The Minerals Council South Africa (MCSA) recently commemorated the National Day of Health and Safety in Mining 2021, an event that underpins and supports the Khumbul’ekhaya Health & Safety Strategy.
This year’s event is centred on a theme of Renewed Focus for our New Normal, which recognises the integration of health, safety and wellbeing, acknowledging the regression in fatalities in 2020 compared with 2019, the impacts of COVID-19 and the consequent behaviour changes needed.
Roger Baxter, CEO of the Minerals Council noted: “The history of this day is rooted in our Khumbul’ekhaya campaign initiated to remind us all, and particularly the leadership of our industry, of the need to maintain an intense focus on the safety and health of our industry’s employees,” noted Roger Baxter, MCSA CEO.
He added that any measure of the effectiveness and progress of the industry must look first at progress towards ensuring that every employee returns home as healthily and safely as they left home to head for their workplace.
According to Baxter, the last 18 months have confronted the industry with an additional and most profound health challenge. “I would like to thank everyone present for the remarkable role you have all played in optimising lives and livelihoods – government, organised labour and industry. Together, we have as an industry done a remarkable job of working together to protect our employees from the ravages of COVID-19 as far as this has been possible – working hard to save lives and livelihoods. And we will continue with this. But, the way forward for us, as an industry and a country, is to achieve community immunity through vaccination.”
In her address, Nolitha Fakude, President of the Minerals Council noted: “COVID-19 has been a part of our lives for close on 18 months now, with its impacts on health, safety and well-being. And it is not going to leave us for some time to come. We saw in 2020 a deterioration in mining’s safety performance in terms of fatalities. Worse still, thus far in 2021, we are seeing a further deterioration in the fatality trend. This is not acceptable to us, as the Minerals Council and the industry. For all these reasons, our CEO Zero Harm Forum has decided that the theme for today, and for the year ahead, should be: Renewed Focus for our New Normal.”
Reflecting on health and safety issues
Chief Inspector of Mines David Msiza commended the Minerals Council’s initiative to hold the event in that it gives all stakeholders “the opportunity to reflect on health and safety issues. It was important that we worked together in dealing with COVID. We have made a huge difference. I commend all of us – government, industry and organised labour for our efforts,” he said.
He said that mine health and safety continues to be a government priority. “We are intent on working to implement a culture of zero harm. We still believe zero harm is possible,” he added.
Assessing the past year, Msiza said he was pleased at the reduction in occupational diseases. But the incidence of noise-induced hearing loss and occupational lung disease is still a concern. There has been a 26% reduction in injuries. However, 60 fatalities, an increase on the 51 in 2019, was very disappointing, he said.
Several unions representing mineworkers were also involved in the event. AMCU Health and Safety chair Gabriel Nkosi reaffirmed AMCU’s commitment to the Mine Health and Safety Council safety milestones. He said it was time to reinforce training of safety representatives. He said he was delighted with the performance of the Masoyise health programme’s efforts to reduce the incidence of TB and other diseases.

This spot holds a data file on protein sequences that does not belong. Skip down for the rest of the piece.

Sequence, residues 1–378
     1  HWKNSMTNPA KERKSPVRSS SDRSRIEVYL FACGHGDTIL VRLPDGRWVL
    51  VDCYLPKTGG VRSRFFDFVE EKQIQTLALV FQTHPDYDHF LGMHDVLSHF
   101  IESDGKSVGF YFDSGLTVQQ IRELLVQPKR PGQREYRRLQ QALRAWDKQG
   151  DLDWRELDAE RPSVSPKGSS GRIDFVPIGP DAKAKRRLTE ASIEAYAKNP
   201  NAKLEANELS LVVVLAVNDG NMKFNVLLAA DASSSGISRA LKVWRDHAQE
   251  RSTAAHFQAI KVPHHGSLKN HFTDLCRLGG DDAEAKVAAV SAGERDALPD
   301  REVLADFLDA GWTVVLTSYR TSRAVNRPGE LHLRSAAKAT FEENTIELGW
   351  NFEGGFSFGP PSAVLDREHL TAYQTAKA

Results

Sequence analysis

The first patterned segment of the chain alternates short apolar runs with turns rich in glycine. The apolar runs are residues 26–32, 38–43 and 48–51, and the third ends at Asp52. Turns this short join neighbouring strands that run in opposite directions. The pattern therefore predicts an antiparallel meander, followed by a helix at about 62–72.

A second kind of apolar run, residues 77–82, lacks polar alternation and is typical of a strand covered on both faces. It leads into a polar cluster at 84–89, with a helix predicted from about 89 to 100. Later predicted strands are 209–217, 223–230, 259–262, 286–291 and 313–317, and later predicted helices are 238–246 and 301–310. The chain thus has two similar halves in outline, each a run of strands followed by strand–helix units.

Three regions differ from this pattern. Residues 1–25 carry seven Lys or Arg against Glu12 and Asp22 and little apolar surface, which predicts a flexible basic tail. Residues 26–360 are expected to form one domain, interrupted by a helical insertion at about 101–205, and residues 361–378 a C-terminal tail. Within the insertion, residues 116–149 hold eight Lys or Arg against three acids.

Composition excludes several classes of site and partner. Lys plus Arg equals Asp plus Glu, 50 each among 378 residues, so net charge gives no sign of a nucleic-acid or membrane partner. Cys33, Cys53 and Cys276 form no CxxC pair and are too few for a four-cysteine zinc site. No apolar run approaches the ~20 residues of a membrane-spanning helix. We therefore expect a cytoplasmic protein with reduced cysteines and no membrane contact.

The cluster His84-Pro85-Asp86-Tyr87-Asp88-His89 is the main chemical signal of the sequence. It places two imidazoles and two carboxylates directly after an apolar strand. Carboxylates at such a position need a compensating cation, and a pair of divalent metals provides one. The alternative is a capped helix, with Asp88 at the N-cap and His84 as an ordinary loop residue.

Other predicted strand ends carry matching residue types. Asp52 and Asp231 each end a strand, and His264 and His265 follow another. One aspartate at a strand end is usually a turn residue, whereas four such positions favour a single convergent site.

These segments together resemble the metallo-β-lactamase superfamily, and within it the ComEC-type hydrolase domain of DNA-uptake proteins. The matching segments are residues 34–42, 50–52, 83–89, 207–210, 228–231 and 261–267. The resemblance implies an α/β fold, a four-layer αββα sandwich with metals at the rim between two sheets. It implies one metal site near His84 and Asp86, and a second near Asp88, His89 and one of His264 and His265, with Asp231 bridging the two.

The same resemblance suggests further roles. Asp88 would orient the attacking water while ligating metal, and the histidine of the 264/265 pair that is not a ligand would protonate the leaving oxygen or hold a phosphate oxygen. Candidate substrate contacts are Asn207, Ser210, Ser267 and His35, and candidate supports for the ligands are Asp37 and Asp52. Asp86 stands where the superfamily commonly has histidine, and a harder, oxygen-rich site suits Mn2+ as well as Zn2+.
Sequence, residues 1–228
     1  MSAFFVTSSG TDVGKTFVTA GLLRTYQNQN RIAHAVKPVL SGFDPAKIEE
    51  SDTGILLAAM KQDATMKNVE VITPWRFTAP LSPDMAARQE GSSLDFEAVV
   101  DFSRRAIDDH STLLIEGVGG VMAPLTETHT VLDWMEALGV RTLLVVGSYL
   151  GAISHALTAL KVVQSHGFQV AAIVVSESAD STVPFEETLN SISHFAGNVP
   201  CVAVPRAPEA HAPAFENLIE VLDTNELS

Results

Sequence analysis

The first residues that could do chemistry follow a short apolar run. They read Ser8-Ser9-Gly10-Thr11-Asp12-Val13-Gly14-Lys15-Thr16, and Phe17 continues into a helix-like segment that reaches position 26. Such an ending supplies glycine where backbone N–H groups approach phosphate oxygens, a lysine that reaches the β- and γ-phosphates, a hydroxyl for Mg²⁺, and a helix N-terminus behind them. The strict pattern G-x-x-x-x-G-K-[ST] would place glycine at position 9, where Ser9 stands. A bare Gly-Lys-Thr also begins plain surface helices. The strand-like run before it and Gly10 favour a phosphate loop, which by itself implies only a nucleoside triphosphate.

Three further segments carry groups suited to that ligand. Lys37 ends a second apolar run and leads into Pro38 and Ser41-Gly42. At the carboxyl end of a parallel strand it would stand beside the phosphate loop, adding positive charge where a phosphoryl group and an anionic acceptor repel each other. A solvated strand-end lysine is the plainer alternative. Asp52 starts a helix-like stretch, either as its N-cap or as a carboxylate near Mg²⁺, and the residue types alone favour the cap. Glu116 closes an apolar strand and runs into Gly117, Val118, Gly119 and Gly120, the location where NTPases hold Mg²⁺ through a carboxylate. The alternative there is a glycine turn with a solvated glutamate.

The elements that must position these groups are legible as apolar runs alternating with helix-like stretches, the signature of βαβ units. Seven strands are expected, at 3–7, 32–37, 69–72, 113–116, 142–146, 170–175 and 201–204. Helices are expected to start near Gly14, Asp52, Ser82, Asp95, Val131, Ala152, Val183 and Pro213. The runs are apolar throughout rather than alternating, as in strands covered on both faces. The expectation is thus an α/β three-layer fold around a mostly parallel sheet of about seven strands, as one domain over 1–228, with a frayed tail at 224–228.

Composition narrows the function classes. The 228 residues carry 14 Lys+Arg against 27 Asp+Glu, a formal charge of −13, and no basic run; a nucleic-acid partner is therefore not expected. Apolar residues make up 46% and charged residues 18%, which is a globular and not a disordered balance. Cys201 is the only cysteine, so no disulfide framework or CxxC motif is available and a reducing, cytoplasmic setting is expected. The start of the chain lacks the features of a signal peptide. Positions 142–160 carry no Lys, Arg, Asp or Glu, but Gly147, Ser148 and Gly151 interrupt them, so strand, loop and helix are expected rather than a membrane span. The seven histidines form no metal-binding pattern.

Nkosi alos pointed out that COVID-19 has interfered with efforts to address incidence of fatalities. “It worries us that the 60 lives lost in 2020 are higher than the 51 lives lost in 2019. Operational discipline is a big concern.” On COVID-19, he commented, “Let us adhere to non-pharmaceutical interventions until all mineworkers are vaccinated.”
NUM National Health and Safety head Mziwakhe Nhlapo spoke of the importance of culture transformation in respect of health and safety, including the issues of risk management, diversity management and building capacity for training. “Culture transformation needs to be our bible. Traction needs to be re-established having been somewhat lost recently,” he said.
Nhlapo applauded the Minerals Council for setting up the event. He urged all parties to continue to engage in order to find solutions.
Solidarity Deputy General Secretary, Paul Mardon commented, “Underpinning this recommitment to health and safety is our honest belief that health and safety at work is the foundation of the sustainability of mining in South Africa. In the long run, only safe production is sustainable.
Mardon further added that Solidary regarded the event as evidence of the Minerals Council’s leadership.” But we also want to recognise the leadership shown by trade unions in mining and the DMRE with regard to health and safety,” he said.
UASA Divisional Manager Franz Stehring said he hoped the day would lead to “a major paradigm shift from reactive health and safety strategies and attitudes towards a behavioural-based proactive culture among management and employees in the mining industry”.
Stehring highlighted the importance of remembering that health and safety can only be attained through teamwork, healthy employer and employee relations in the workplace, total commitment and, most importantly, by changing the behaviour of people to benefit themselves.
Speaking in conclusion, Themba Mkhwanazi, Chair of CEO Zero Harm Forum said, “We remain committed to our Khumbul’ekhaya strategy and the key leadership actions we are undertaking as part of our drive to eliminate fatalities, change behaviour and transform our safety culture, through ongoing collaboration with our tripartite stakeholders in government and unions, in our quest for Zero Harm.”